In this study, we have applied a combined bioinformatics approach, using both protein sequence and structural data, to 2225 HLA class II molecules, to detect similarities in their peptide binding sites and to define supertype fingerprints. Two chemometric techniques were used: hierarchical clustering on 3D CoMSIA fields and nonhierarchical k-means clustering on sequence-based z-descriptors. The former method classifies the molecules on the basis of binding site similarities, in terms of steric bulk, electrostatic potential, local hydrophobicity, and hydrogen-bond-donor and acceptor abilities. The latter method uses five principal properties (z-scales) of the amino acids and classifies the proteins according to their sequence-based binding site similarities.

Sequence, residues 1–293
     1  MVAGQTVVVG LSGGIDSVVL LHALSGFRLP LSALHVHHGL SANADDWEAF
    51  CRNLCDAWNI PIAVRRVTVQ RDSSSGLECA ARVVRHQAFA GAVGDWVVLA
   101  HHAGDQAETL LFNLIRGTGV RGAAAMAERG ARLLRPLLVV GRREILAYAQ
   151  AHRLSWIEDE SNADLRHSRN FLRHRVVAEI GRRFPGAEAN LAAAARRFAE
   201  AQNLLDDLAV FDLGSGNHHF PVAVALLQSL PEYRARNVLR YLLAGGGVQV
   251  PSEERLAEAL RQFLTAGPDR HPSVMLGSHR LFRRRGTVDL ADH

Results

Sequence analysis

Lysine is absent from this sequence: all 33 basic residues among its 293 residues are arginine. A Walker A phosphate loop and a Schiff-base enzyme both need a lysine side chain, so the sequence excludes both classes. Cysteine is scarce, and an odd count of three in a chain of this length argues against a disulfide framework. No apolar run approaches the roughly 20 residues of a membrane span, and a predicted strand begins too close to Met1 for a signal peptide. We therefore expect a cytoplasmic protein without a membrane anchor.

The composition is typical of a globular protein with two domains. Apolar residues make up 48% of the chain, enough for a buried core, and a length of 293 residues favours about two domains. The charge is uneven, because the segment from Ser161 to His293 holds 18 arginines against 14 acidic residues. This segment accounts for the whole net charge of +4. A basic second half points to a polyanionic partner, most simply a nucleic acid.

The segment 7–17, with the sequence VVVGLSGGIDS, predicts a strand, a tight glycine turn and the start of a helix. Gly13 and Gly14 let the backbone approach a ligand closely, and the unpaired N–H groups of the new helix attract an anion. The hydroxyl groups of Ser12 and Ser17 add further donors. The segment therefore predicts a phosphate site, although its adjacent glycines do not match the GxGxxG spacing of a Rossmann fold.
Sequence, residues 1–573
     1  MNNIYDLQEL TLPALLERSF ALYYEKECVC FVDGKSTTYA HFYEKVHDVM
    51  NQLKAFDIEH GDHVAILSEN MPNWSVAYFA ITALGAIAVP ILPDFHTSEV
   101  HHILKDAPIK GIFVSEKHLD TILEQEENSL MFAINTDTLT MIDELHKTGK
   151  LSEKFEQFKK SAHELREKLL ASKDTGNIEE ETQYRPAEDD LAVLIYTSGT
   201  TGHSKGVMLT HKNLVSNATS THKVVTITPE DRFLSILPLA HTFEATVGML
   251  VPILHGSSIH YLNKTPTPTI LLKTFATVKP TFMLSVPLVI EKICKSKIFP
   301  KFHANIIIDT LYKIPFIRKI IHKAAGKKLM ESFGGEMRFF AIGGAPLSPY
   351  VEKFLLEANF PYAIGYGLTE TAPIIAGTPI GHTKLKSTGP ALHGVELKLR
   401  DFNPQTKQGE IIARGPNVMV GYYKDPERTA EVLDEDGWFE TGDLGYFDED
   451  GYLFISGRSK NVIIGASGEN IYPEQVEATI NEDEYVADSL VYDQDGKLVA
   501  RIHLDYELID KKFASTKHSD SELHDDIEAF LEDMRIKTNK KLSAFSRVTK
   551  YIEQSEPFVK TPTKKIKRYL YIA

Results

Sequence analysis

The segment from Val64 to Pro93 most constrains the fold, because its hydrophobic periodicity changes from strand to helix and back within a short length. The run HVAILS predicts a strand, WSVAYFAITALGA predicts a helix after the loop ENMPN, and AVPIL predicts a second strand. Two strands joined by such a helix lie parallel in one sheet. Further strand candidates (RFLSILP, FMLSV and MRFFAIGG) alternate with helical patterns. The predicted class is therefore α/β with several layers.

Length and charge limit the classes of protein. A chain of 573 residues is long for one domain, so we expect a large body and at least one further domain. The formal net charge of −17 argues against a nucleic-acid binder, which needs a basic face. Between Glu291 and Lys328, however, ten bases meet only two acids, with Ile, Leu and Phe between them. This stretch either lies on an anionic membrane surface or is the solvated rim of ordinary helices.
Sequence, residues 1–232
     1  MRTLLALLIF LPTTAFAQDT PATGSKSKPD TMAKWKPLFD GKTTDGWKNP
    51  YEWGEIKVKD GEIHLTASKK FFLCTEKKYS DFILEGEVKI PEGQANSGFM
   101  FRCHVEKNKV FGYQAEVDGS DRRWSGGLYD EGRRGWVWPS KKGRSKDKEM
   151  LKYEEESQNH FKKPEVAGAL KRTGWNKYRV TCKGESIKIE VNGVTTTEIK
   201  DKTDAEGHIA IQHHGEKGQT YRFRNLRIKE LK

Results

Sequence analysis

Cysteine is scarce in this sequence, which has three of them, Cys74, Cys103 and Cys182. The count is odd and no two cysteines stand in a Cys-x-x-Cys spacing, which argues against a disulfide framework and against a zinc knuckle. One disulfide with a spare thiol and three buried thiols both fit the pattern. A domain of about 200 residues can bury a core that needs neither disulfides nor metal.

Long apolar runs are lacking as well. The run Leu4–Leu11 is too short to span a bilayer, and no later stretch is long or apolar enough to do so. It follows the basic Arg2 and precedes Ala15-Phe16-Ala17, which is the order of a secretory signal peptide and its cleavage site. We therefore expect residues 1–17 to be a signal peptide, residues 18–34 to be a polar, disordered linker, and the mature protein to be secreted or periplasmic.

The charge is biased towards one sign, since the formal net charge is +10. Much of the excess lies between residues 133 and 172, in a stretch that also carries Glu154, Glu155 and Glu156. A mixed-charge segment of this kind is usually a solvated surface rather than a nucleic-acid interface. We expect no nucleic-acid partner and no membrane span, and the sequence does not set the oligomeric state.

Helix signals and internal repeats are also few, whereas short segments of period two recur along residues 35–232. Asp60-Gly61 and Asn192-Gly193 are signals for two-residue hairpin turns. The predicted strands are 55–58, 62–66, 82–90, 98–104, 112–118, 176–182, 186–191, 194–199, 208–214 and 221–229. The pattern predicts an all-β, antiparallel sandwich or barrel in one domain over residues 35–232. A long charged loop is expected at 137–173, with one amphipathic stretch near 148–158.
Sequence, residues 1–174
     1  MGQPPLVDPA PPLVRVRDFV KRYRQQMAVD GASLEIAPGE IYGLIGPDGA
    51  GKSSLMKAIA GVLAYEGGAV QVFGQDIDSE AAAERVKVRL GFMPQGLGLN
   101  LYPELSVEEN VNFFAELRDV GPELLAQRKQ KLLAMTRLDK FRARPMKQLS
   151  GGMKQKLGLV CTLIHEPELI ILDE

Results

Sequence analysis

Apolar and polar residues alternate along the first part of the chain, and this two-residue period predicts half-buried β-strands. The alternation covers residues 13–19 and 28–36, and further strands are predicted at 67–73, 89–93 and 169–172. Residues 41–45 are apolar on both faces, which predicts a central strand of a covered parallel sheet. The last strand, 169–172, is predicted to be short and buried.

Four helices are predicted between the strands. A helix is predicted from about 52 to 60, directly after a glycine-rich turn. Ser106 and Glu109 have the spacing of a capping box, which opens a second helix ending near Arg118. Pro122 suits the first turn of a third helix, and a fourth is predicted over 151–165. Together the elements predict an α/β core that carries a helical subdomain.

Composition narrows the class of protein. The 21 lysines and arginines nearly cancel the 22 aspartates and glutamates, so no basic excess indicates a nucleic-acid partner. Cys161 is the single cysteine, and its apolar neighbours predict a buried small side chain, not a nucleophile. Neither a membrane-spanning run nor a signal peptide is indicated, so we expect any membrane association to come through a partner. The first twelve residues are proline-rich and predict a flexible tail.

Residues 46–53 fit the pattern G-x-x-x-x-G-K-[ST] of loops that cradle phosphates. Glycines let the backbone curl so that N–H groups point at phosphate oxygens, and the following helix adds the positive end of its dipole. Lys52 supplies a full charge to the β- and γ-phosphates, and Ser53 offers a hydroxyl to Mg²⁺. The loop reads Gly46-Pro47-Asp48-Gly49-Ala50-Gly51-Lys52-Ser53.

An average consensus of 84% was achieved, i.e., 1872 of 2225 class II molecules were classified in the same supertype by both techniques. Twelve class II supertypes were defined: five DRs, three DQs, and four DPs. The DR supertypes are DR1 (fingerprint Trp), DR3 (Glu, Gln70β, and Gln/Arg74β), DR4 (Glu, Gln/Arg70β, and Glu/Ala74β), DR5 (Glu, Asp70β), and DR9 (Lys/Gln). The DQ supertypes are DQ1 (Ala/Gly86β), DQ2 (Glu86β, Lys71β), and DQ3 (Glu86β, Thr/Asp71β) and the DP supertypes are DPw1 (Asp84β and Lys69β), DPw2 (Gly/Val84β and Glu69β), DPw4 (Gly/Val84β and Lys69β), and DPw6 (Asp84β and Glu69β). Apart from the good agreement between known binding motifs and our classification, several new supertypes have been defined and thematic binding motifs have been outlined for them. In the following, we discuss the congruence of our systematic structural analysis of binding with extant data on the biology of class II human MHCs, rather than making unsupported speculations.